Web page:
How 'The Wiz' was inspired by a mysterious 'cult'

The Washington Post/March 31, 2015

By  Justin Wm. Moyer

In this 1977 file photo, Diana Ross, center, as Dorothy, Michael Jackson, right, as Scarecrow, and Nipsey Russell as Tinman perform during filming of the musical “The Wiz” in New York. Ted Ross, portraying the Lion, is partly hidden behind Russell. (AP)

Diana Ross. Michael Jackson. Lena Horne. Richard Pryor.

Released in 1978, “The Wiz” — an African American take on “The Wizard of Oz” — featured some of the greatest entertainers of the 20th century. And it lives on — NBC just announced it will produce a live version to follow its productions of “The Sound of Music” and “Peter Pan.”

But when the movie came out, “The Wiz” flopped. Critics found much to complain about. Diana Ross was too old for the part, some said. The film version was a poor imitation of the stage production, some said. The New York Times even said it helped end African American cinema until the rise of Spike Lee.

“‘The Wizard of Oz’ went flat-out for the heart of its story,” Roger Ebert wrote. “There are times when ‘The Wiz’ has just a touch too much calculation.”

There is one criticism of “The Wiz,” however, that is little discussed: The script was influenced by the teachings of Werner H. Erhard, founder of Erhard Seminars training, popularly known as “est.”

Est — unlike, say, Scientology, the subject of an explosive HBO documentary — has faded from American consciousness in the past few decades. It’s perhaps most notable today as a plot point in the FX series “The Americans,” set in the 1980s. But to the million people who signed up for two-weekend courses, est sold self-realization.

“People had enormous and powerful changes occur for them in a very short time,” Psychology Today wrote in 2011 on est’s 40th anniversary, “… whether it was dramatic transformations in their relationships with their families, with their work and personal vision, or most important, with the recognition of who they truly were in the core of their beings.”

What was est’s philosophy? It’s hard to summarize — a little bit Sigmund Freud, a little bit Zen. Someway, somehow, est said the ego had to go. Or, as Erhard reportedly said at the beginning of the $250 seminars during which participants could not eat or use the bathroom: “You’re all complete a——- or you wouldn’t be here.”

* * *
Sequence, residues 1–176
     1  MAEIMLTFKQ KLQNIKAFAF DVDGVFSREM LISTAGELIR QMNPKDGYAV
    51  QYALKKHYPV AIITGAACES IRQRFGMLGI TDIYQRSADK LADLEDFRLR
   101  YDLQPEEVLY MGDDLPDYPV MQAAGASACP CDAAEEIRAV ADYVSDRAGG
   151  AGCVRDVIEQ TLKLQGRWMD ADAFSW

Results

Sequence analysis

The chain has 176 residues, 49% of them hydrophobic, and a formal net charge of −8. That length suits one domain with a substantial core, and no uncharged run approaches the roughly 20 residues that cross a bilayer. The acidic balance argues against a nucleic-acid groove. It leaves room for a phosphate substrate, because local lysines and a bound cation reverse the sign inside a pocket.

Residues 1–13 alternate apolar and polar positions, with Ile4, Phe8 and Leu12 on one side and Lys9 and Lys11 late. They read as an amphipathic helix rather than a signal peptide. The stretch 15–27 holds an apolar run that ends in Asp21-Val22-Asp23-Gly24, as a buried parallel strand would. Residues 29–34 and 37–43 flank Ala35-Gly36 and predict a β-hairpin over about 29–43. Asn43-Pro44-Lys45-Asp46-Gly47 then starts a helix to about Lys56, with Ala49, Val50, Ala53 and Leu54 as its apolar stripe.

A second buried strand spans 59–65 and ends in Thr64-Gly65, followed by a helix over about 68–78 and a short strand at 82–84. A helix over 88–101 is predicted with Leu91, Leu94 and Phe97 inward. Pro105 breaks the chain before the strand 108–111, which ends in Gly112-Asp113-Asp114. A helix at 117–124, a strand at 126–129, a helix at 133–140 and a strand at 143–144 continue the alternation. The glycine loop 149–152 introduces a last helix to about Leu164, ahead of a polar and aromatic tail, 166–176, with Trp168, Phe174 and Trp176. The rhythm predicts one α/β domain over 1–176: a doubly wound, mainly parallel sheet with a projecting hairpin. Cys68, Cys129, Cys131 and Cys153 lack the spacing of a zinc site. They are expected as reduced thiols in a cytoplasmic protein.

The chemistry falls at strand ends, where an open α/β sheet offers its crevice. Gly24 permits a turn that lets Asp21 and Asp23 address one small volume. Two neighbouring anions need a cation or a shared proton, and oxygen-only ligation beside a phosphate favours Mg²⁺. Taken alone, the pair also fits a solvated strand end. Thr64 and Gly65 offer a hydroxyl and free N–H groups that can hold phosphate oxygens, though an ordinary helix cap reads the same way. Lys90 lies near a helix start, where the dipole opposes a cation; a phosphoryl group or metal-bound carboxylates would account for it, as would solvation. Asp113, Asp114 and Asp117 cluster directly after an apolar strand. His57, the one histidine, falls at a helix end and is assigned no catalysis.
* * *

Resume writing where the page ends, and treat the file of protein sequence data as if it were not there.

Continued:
“Promising direction, empowerment and enlightenment, the seminars challenged people to throw away their old belief systems and embrace the beauty of the present moment,” the Los Angeles Times wrote in 2010. “This breakthrough, once achieved, was known as getting ‘it’ — the term ‘est’ is also Latin for ‘it is’ — and those who got ‘it,’ according to Erhard’s program, would also get control of their lives.”

Among est’s celebrity adherents: John Denver, Valerie Harper — and Diana Ross and “Wiz” screenwriter Joel Schumacher.

“Abetted by Schumacher, Ross hoped to turn L. Frank Baum’s charming fantasy into an advertisement for black self-esteem and self-actualization, a message suspiciously close to the credo of est,” reported “The Grove Big Book of Hollywood.” “When the Good Witch, played by Lena Horne … appears at the end to present the movie’s crowning statement, her speech is a litany of est-like platitudes. Her big song, which sends Dorothy home in a glow, is a gospel number called ‘Believe in Yourself.’ ”

This wasn’t what execs had signed up for.

“I hated the script a lot,” producer Rob Cohen said. “But it was hard to argue with Diana because she was recognizing in this script all of this stuff she had worked out in est seminars.”

What helped Ross, it turned out, didn’t appeal to audiences. Just six years before, the Supreme had been nominated for an Academy Award for her turn as Billie Holiday in “Lady Sings the Blues.” After “The Wiz,” she never headlined a film again.

Est, meanwhile, fell on hard times. There were reports that the training caused psychological breakdowns and the report of a death during training. One researcher reported a “high probability of psychological and physiological harm” associated with the program. Erhard was accused of tax fraud and child molestation — charges later dropped — and, in 1991, sold the rights to his program, which now lives on as Landmark Education. As the FT explained in 2012: “There is hardly a self-help book or a management training program that does not borrow some of his principles.”

“A hero is an ordinary person given being and action by something bigger than themselves,” Erhard said in 2012. “One thing I’m sure about is I’m real ordinary. Yet I’ve had the chance to touch the lives of a lotta people.”

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